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Selkirk Protocols Explained

The Herald of Scotland Explains the Selkirk Protocols

Parcels of history that were snatched from the flames: link

A nervous Government decreed in 1940 that combustible material had to be removed from commercial premises in case of attack — and that was when two more Selkirk brothers, Bruce and Walter Mason, spotted sweating workmen lugging half a ton of old paper out of the attic of the Border town’s branch of the long-vanished Commercial Bank. The Masons swiftly stepped in — saving the lode from precautionary incineration in the bank’s back yard.

The Keeper of Historical Records at the Scottish Record Office, described it as ”the most valuable collection of medieval documents to have come to light in this country”

The real importance of the find lies in the insight provided into the merry doings of Selkirk folk across 400 years. It’s often a grim story. In 1645, after the battle of Philipshaugh, town leaders deliberately shot to death captured camp followers from Montrose’s defeated army — most of them Irish women. One document suggests that local worthies donated powder and shot for the job, listing their names with apparent pride.

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IN the year 1591, James and John Ker of Selkirk had a little problem with their brother Thomas, a lawyer of the town. Thomas, it seems, was more than a mite fond of a drink. Being of a legalistic family, Thomas was enjoined into a binding contract — and given an offer he couldn’t refuse. Henceforth, Thomas agreed that”he sall at na tyme fra the day of the dait heirof to the feise and terme of Witsounday . . . drink in na places quhair he man pay money for.”

If some employer regaled the errant Ker as reward for a job, that was fine. If, however, Thomas backslid and actually paid for a drink, he would not only ”incur diffamation”, James would not give him, as pledged, ”ane pair of gray russit breikis he hes presentlie weirand” and John wouldn’t be parting with his ”quhit fusteane doublet”. Whether Thomas stayed out of Selkirk’s ale shops or not, we’ll simply never know.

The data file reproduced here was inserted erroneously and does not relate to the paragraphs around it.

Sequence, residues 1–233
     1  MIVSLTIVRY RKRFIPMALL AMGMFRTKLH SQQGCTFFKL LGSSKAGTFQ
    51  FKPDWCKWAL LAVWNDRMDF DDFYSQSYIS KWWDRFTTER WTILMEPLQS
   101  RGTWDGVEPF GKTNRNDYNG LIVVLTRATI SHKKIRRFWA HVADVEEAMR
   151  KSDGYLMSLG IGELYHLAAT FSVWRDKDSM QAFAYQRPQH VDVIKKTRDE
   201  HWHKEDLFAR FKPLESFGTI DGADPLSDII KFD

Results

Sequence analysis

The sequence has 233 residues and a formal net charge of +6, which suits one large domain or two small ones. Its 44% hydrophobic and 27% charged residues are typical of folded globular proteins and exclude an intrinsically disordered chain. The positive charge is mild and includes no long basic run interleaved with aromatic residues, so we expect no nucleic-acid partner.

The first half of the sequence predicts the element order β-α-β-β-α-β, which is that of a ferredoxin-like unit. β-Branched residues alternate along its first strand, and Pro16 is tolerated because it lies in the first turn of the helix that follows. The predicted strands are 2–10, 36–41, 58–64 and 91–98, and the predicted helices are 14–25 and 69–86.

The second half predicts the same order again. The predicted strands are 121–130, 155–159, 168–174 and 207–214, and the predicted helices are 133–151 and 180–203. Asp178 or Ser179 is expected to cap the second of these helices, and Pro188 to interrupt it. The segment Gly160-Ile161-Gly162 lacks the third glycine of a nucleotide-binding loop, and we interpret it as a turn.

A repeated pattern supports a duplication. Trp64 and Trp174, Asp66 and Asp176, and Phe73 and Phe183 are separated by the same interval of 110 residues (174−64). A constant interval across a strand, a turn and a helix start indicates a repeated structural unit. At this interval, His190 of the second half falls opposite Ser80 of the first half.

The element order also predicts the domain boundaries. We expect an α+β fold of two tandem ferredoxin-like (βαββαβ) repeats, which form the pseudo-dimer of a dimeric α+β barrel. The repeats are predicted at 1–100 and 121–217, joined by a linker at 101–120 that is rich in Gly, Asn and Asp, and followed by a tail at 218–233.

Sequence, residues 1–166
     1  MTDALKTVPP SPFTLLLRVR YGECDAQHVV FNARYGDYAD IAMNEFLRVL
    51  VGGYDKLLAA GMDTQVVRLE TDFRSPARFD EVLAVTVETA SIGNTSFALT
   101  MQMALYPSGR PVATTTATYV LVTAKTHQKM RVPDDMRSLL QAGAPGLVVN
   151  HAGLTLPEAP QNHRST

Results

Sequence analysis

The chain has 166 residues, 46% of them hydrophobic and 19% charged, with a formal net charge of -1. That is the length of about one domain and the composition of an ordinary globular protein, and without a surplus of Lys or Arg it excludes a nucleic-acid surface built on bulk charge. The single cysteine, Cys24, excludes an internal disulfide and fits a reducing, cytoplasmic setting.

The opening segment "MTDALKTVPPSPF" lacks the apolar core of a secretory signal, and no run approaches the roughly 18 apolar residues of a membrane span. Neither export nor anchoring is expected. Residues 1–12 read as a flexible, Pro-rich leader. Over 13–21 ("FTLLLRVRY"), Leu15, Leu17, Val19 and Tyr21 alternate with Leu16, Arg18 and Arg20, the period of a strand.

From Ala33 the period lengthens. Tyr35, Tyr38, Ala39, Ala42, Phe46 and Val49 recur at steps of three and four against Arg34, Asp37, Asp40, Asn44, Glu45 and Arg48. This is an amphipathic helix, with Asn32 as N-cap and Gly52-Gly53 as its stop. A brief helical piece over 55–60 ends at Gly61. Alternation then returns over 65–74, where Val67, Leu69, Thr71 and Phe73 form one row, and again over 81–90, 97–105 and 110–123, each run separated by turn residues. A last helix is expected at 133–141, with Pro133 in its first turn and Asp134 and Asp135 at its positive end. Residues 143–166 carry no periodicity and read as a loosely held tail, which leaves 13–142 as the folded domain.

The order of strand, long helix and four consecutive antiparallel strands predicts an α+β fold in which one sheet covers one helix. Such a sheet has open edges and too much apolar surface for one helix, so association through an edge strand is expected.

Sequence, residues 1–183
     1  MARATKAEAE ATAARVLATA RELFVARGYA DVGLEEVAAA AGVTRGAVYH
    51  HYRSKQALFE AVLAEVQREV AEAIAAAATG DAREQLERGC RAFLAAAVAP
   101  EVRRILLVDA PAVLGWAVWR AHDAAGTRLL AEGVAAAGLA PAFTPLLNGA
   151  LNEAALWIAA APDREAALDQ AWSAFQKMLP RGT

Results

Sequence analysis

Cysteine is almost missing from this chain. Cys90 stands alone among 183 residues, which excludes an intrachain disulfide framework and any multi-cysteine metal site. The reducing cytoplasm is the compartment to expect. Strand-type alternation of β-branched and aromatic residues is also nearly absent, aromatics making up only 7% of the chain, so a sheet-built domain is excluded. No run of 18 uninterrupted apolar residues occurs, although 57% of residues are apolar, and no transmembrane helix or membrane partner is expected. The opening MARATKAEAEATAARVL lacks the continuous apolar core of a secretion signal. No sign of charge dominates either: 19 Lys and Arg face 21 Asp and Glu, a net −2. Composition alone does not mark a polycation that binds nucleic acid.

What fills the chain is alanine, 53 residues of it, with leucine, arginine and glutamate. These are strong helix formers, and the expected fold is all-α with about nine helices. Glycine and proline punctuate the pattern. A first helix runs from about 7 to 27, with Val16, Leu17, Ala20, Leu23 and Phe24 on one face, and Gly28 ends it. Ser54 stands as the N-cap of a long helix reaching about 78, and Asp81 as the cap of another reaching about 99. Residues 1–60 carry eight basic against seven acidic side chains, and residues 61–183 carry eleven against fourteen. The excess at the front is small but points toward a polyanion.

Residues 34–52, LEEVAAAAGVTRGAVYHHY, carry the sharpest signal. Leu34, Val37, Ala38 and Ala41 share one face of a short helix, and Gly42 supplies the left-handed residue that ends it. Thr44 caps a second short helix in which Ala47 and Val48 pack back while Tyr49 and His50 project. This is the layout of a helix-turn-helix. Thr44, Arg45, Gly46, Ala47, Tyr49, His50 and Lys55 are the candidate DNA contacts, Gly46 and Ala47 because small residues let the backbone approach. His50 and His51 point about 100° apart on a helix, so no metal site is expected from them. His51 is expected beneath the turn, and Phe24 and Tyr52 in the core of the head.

This surreal tale — carefully noted down in arcane Scots in one of Selkirk’s earliest ”protocol books” — was bequeathed to history by an invasion and bombing scare 349 years later. A nervous Government decreed in 1940 that combustible material had to be removed from commercial premises in case of attack — and that was when two more Selkirk brothers, Bruce and Walter Mason, spotted sweating workmen lugging half a ton of old paper out of the attic of the Border town’s branch of the long-vanished Commercial Bank. The Masons swiftly stepped in — saving the lode from precautionary incineration in the bank’s back yard.

The rest is history. Earlier this year, Donald Galbraith, Keeper of Historical Records at the Scottish Record Office, described what the brothers Mason carried off that day as ”the most valuable collection of medieval documents to have come to light in this country within my experience”.

By any standards, Bruce and Walter Mason — known to the townspeople as a quiet, even retiring, duo who ran a small bakery — were remarkable men. Their father appears to have set up in business around the turn of the century in Paisley as a retailer of anarchist literature. The works of the saintly Peter Kropotkin being regarded as virtually dynamite in Edwardian Renfrewshire, it seems that Mason pere rapidly found himself
blacklisted.

From their youngest days in the Borders, the Mason brothers carefully collected local history. Local historian Walter Elliot was asked to help clean the attic after Bruce Mason’s death in 1963. ”He had masses of flints, Roman pottery and French glass.” Sadly, most of that collection was sold — though some did end up in the town’s museum. Just what was in the brown paper parcels tied up with string in Walter’s home, no-one had yet realised.

When Walter Mason died in 1988, Ettrick and Lauderdale district’s museum service found that they had inherited what curator Ian Brown describes as ”the third most important collection of municipal documents after those from Aberdeen and Edinburgh”.